Cinco de Mayo longtime Victoria tradition

Jessica  Rodrigo By Jessica Rodrigo

May 1, 2013 at 12:01 a.m.

Lisa Hernandez remembers a time when Mexican and Latino music filled her childhood home.

The horns, accordions and ballads are living traditions of the music that came from Mexico. That same type of music will fill the air Saturday during the Cinco de Mayo celebration sponsored by the Minority Business Council and Victoria Chamber of Commerce.

The event is another tradition, Hernandez, chairwoman of the business council, said, remembering 25 years ago when the Hispanic Chamber of Commerce started the event in DeLeon Plaza.

"It was like a reunion," she said. "I would travel back to Victoria from Austin to see my friends and family."

She has since made her home in Victoria, and she is keeping the tradition alive with help from the chamber.

"There's a lot of family fun," said Christine Blain, director of special events with the Victoria Chamber of Commerce. "We have a lot of games and inflatables for kids to partake in, and high school mariachis and ballet folklorico."

The kids' area has grown since its start. This year, the children's entertainment will be the biggest it has ever been.

Admission to the event is free, but activities and vendors may cost.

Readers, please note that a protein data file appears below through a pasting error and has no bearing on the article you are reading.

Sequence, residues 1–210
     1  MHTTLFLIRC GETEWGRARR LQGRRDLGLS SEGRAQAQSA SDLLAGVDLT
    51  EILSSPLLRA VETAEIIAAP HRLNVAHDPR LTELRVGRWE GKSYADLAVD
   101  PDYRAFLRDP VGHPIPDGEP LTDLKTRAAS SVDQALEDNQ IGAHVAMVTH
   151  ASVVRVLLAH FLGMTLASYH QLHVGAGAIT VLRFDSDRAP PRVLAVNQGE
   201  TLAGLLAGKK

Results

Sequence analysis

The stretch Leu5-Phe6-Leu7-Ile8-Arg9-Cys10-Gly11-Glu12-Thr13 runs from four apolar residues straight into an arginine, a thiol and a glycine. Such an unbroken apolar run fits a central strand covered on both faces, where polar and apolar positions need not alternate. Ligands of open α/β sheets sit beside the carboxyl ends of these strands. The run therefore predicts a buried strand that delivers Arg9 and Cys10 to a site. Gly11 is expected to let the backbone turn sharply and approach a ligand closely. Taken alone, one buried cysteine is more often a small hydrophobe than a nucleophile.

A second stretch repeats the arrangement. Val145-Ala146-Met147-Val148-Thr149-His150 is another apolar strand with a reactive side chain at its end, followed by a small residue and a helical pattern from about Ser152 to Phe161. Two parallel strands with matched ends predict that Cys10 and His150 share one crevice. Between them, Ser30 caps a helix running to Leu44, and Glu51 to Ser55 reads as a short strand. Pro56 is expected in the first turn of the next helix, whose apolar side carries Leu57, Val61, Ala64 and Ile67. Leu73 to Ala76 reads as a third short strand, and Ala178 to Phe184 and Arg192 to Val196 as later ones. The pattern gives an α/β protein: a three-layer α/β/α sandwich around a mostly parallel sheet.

More than 40 vendors with food or merchandise will fill the closed off downtown square, Blain said.

The food is something Hernandez said her children always get excited about.

"They love the food," she said. "There is always an array of food."

The Minority Business Council not only helps area businesses, Hernandez said, but it helps spread the awareness of the different cultures in the area.

Money from the beer sales will cover expenses of the event and operations, but the remainder will go back to the area.

"We're supporting our Hispanic community," she said. "A good portion of that money is for scholarships."

The scholarships stay in Victoria, she said.

To help Victoria celebrate Cinco de Mayo, Jay Perez "La Voz" will headline the live music venue. The stage will be along Forrest Street between One O'Connor Plaza and DeLeon Plaza.

Other performers include A.S.G. Los Amigos and Elida Reyna y Avante, Presion, Grupo Vida and 24-7, a group that debuted at the festival five years ago, Hernandez said.

But her favorite part of the event takes her back to her roots.

"What I love the most is the mariachis," she said. "They don't have all these fancy instruments like all these bands nowadays, they just have the traditional guitar and violin and the traditional ballet folklorico that goes back to the traditional heart of Mexico and Spain."



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